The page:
Voice/Vision Holocaust Survivor Oral History Archive

Michael Opas - [n.d.]

Liberation from Buchenwald

Well, you were liberated from Buchenwald?

Out of Buchenwald, yeah.

What was liberation day like?

Well it was...

Did you know it was coming?

Yeah, we knew the Americans came.

How did you know liberation was coming? Did the Germans leave one night and they were gone?

Oh, the Germans all of a sudden left. All of a sudden they left. We, we were hiding out. We, we know about--the rumors go around. We knew that something's happening. All of a sudden the, the Germans left.

You were hiding in Buchenwald?

In Buchenwald in the, in the--under, under the barracks we were hiding.

How come you went there--why?

Because they were still trying--the last day was--the last day they were, they were trying to, to kill as many as could--they could. All night we were in a--we were locked up--about six days we were locked up in a, in a factory of uh, uh, how you call it in English? A where they cut wood...

Lumber mill.

Lumber mill, yeah. My English is very poor unfortunately. Unfortunately.

It's fine, it's fine.

See, you have to help me out.

It's okay.

A lumber mill, yeah. We were locked up for six or seven days in a lumber mill. This was uh, and we knew something is, something is happening. So every day they took out a few hundred people from--there were about eight thousand people in there, or more. Before they were shotting--they were killing. A, a, a mess. Every day hundreds of people were missing. Finally they locked us up in a, in a lum...lumber mill--maybe eight thousand people or more--and starving us. No food whatsoever. The only food was the snow. This was, this was in April. The last snow was still the, in the--they were closed doors. We had to reach out from, from under the door and grab a, a piece of, of snow to lick it. This was the only food we had. On the sixth day they brought soup into the, into the, into the, into the lumber mill. There were eight thousand people and they brought about two or three cans. Can you imagine what happened? Nobody ate anything because we--first of all we didn't have any, any, any dishes. We didn't have any cups. They brought it and every...everybody fell like a crazy--hungry. Everybody tried to put in a, a, a hand to--into it, so got nothing. It was more on the floor than we had to eat. And this how we survived.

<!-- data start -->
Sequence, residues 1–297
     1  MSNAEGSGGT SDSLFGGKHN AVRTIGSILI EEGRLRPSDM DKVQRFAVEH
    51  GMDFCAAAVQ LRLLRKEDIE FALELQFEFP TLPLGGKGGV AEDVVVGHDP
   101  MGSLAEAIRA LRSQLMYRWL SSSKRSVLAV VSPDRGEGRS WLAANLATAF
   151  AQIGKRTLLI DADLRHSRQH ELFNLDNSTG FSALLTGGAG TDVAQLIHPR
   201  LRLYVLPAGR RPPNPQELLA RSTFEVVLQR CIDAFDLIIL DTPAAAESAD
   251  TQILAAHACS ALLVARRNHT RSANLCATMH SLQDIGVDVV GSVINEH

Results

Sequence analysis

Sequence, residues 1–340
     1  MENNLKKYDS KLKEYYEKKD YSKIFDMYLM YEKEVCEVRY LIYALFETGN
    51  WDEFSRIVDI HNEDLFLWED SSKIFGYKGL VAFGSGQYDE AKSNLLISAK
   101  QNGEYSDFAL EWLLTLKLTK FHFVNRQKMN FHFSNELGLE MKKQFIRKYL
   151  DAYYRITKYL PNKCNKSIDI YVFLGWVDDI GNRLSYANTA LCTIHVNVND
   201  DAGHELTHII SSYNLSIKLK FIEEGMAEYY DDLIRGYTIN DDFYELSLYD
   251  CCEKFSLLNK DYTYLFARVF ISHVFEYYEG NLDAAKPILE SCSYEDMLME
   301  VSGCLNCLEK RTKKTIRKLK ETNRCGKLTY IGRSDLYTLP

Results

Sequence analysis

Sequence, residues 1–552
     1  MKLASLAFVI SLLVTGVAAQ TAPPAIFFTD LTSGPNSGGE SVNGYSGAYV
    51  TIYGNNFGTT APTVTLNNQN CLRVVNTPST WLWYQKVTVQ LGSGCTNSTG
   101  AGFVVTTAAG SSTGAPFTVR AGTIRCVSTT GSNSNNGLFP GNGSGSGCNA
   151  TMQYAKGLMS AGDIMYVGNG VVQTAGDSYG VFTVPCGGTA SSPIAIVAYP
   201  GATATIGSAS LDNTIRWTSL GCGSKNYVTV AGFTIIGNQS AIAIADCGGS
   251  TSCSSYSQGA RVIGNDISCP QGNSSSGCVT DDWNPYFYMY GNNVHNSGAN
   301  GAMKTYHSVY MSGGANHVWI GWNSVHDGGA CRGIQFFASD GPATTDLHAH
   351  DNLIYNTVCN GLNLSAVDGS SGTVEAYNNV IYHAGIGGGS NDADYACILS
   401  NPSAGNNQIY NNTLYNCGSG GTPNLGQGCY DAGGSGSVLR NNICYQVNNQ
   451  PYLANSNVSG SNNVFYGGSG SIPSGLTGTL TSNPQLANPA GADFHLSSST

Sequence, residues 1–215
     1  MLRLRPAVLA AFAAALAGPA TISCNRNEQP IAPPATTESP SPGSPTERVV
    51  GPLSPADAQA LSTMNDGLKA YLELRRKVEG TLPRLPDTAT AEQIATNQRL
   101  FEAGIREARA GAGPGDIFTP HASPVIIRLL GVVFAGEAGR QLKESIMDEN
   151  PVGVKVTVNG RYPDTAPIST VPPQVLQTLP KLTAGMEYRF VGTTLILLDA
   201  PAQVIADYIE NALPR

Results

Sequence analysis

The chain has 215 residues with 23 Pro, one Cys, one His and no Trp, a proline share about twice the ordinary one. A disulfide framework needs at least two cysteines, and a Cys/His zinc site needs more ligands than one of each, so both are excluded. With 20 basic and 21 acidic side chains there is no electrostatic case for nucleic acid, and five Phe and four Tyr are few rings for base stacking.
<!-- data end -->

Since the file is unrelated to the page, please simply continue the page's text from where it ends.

So how long were you in the lumber mill now?


How many days were in you the lumber mill? On the sixth day they brought the soup...

Six, six days. Actually six days. Yeah, in the meantime, they--we heard it shotting--shooting. Every night they were taking out hundreds of people. So one--the last night--I remember on the sixth night, I, I--there, there was a basement there in the, in the lumbermill with um, coals or--I don't know what was there. Not coals, or--me...metal pieces--I--metal pieces I think it was. I don't know. It was so, it was so dark, I couldn't even see. I know it was mountains of, of, of metal pieces. Maybe it was--I don't know what it was actually. But I hide--I was hiding there in the basement...

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